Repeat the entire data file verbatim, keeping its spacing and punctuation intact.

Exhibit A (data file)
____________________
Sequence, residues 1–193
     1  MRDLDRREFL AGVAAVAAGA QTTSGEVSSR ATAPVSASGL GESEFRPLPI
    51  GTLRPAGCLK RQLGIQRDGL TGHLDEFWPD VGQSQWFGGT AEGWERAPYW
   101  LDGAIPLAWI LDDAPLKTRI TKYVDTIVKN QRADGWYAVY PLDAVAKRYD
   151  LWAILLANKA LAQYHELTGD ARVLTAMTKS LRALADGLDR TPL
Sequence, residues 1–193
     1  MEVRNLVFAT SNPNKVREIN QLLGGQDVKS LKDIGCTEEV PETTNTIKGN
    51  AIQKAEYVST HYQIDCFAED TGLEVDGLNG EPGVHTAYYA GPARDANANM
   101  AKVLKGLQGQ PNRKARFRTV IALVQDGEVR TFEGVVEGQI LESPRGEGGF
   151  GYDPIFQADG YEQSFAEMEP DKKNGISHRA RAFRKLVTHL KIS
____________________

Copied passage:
Sequence, residues 1–193
     1  MRDLDRREFL AGVAAVAAGA QTTSGEVSSR ATAPVSASGL GESEFRPLPI
    51  GTLRPAGCLK RQLGIQRDGL TGHLDEFWPD VGQSQWFGGT AEGWERAPYW
   101  LDGAIPLAWI LDDAPLKTRI TKYVDTIVKN QRADGWYAVY PLDAVAKRYD
   151  LWAILLANKA LAQYHELTGD ARVLTAMTKS LRALADGLDR TPL
Sequence, residues 1–193
     1  MEVRNLVFAT SNPNKVREIN QLLGGQDVKS LKDIGCTEEV PETTNTIKGN
    51  AIQKAEYVST HYQIDCFAED TGLEVDGLNG EPGVHTAYYA GPARDANANM
   101  AKVLKGLQGQ PNRKARFRTV IALVQDGEVR TFEGVVEGQI LESPRGEGGF
   151  GYDPIFQADG YEQSFAEMEP DKKNGISHRA RAFRKLVTHL KIS